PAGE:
Saturday, June 21, 2008

Nine Billion Shades of Malthus

I've read (or read mocked) too much lately about the demographic pressures facing successful people. It seems like a cultural meme these days, with any number of authors sweating about the breeding patterns of the unlettered brown hordes, the perceived crises that threaten everything from economic growth we're all banking on to the integrity of the culture. I don't really understand this stance: isn't reduced fertility a good thing? In an earlier article, I wondered aloud whether there's a managable population ceiling for this fine globe, or whether some horrible Malthusian catastrophe will correct the numbers for us. For the record, I think agricultural independence is a wonderful way to live, and the idea that consumption patterns can approach zero sum, that is, that my habits can directly take food out of someone else's mouth, is deeply unsettling. (All the indirect consequences are bad enough.) Do we really want to get to the point where there's only so much to go around?

Read the rest on quiblit

[an addendum: when Arthur C. Clarke wrote Nine Billion Names of God, was playing with any established theological notions or just making stuff up? As I read about demographic predictions, expected to peak at nine billion or so if we're (less un)lucky, it was hard not to remember that old story. Nine billion names? I'm thinking doomsday cult as a way to get rich, and quick. I'd feel kind of guilty making money off of a pseudo-religion based on a 1950s science fiction story, but, well, I wouldn't be the first one.]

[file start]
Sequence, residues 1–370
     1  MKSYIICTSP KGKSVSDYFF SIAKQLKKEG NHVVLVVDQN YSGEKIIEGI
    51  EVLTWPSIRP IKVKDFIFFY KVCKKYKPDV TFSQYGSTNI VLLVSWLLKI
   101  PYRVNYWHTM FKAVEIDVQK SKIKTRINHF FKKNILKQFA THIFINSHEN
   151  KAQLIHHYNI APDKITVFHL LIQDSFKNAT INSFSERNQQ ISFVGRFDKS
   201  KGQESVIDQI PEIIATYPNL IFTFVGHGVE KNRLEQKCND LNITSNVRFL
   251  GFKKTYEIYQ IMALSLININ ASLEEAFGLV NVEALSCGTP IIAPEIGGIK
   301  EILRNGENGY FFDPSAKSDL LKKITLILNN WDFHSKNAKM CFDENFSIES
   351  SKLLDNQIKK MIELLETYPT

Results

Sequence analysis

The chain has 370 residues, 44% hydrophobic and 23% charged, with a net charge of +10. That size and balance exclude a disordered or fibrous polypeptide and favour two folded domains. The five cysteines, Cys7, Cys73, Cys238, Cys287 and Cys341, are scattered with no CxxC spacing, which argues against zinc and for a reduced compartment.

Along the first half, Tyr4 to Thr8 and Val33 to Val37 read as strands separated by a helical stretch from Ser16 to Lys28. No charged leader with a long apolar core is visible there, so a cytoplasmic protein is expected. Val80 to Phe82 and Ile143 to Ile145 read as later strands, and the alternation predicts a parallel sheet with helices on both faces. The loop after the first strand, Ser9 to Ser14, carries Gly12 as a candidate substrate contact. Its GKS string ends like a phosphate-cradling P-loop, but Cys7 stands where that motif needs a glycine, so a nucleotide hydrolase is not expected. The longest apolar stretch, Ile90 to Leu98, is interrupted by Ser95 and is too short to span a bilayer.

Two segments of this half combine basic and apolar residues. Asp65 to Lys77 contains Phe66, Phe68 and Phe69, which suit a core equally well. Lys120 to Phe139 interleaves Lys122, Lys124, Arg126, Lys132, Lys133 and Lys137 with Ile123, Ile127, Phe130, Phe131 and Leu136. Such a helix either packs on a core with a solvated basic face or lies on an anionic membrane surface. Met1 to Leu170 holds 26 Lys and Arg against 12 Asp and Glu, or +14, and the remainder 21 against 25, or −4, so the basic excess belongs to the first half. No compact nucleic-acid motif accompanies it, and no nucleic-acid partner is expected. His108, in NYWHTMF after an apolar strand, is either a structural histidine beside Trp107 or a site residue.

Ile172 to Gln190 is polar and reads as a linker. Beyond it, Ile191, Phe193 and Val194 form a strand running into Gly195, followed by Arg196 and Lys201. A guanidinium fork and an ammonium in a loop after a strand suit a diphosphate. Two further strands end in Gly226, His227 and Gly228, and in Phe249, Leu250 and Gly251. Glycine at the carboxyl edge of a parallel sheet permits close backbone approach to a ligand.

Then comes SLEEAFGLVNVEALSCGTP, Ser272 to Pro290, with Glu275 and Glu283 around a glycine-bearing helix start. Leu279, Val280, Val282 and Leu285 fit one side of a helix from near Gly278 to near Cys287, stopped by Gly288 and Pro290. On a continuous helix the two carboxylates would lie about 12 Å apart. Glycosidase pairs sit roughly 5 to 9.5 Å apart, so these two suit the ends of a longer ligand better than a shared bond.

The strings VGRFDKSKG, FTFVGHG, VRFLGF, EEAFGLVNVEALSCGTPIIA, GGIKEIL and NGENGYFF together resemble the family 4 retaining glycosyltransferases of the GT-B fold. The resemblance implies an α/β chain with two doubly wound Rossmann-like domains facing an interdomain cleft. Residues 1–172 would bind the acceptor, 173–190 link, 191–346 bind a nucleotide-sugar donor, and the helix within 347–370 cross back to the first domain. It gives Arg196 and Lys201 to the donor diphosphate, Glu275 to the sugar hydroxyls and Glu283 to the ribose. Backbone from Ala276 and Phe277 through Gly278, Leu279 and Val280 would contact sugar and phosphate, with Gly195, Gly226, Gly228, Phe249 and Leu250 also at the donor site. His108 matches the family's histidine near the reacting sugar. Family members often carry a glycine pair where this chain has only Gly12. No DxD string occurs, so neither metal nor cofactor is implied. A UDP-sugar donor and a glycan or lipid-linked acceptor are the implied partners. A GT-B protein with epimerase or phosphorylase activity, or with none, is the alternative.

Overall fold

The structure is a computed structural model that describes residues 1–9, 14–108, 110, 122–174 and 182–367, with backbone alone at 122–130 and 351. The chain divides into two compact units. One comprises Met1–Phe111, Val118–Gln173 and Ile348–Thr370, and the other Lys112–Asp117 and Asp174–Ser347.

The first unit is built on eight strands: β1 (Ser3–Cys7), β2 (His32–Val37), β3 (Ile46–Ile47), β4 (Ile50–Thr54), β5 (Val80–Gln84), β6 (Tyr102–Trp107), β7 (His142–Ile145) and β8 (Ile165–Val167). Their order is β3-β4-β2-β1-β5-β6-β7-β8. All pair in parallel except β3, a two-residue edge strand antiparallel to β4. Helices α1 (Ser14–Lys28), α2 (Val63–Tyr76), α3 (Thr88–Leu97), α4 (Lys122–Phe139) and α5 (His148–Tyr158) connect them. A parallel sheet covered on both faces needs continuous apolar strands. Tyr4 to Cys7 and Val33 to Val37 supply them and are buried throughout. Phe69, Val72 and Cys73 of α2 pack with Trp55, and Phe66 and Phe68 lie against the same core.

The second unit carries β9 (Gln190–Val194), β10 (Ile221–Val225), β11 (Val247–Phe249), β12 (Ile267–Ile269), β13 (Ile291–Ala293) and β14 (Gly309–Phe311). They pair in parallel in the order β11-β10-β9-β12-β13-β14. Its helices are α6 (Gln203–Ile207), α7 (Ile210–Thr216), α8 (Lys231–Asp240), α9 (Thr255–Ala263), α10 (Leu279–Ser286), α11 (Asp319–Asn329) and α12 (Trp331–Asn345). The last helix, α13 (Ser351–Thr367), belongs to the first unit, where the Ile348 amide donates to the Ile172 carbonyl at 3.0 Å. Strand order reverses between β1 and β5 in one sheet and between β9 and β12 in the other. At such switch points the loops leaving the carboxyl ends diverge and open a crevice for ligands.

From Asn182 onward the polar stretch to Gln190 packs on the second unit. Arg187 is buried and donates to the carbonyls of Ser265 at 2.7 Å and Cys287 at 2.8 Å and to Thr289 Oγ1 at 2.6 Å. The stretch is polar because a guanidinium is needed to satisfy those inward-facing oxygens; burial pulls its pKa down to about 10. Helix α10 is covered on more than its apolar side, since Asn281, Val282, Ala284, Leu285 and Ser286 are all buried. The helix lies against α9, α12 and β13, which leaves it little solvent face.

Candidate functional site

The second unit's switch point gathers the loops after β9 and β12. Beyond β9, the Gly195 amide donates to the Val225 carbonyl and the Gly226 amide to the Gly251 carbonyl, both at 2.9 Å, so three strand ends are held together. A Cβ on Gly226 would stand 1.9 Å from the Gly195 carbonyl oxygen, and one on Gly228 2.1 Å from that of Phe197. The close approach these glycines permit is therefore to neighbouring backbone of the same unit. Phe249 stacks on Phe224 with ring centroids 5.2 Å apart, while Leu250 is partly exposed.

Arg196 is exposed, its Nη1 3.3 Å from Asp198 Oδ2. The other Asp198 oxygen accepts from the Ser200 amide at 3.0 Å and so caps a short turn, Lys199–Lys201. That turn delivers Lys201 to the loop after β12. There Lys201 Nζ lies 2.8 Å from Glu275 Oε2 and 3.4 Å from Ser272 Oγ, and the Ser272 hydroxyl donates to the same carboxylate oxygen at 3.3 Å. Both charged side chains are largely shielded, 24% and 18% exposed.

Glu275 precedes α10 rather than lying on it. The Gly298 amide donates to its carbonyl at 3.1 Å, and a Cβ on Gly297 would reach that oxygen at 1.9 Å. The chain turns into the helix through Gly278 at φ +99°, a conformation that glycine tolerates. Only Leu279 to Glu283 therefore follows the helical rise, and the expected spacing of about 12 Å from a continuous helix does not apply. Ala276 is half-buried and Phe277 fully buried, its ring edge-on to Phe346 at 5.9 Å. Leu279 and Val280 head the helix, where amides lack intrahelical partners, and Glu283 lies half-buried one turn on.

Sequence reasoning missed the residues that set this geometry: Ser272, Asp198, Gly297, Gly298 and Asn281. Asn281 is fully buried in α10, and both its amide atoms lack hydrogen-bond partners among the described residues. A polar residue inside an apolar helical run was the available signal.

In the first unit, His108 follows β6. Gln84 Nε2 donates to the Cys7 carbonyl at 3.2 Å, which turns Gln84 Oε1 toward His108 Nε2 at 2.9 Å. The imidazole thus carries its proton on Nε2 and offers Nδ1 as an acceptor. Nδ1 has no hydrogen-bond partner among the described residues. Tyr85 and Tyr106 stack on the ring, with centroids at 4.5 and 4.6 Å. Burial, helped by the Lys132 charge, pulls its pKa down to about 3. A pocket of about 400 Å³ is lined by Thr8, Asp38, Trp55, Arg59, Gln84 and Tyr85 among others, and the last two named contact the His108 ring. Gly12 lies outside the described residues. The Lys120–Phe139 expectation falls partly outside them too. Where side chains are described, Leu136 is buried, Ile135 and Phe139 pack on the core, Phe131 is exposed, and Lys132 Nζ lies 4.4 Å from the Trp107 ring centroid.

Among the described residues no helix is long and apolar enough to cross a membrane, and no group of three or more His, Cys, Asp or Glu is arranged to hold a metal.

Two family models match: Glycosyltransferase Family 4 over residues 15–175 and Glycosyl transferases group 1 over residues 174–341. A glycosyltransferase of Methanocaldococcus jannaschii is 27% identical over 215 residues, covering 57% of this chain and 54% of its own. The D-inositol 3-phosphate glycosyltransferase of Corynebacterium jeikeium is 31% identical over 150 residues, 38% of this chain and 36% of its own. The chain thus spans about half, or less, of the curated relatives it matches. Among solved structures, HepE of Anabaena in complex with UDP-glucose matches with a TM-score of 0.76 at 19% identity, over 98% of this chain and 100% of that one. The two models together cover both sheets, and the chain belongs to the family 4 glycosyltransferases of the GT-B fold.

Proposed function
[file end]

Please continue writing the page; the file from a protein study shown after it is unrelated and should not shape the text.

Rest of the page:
twiffer said...

damn it keif, you have to stop writing stuff that i want to respond too. too freakin' busy.


Keifus said...

Gee, I sure wish I could turn that sort of thing on at will. last weekend, hankering for some summery fruit after that exchange (and not venturing beyond the crappy walkable liquor store), I ended up choosing something called "blueberry lager." Big mistake: it was like no lager I've ever tasted and the blueberry flavor was about as authentic as Bubble Yum. Really, really awful. I'd warn you what exactly it was, but I've scrubbed it from my mind.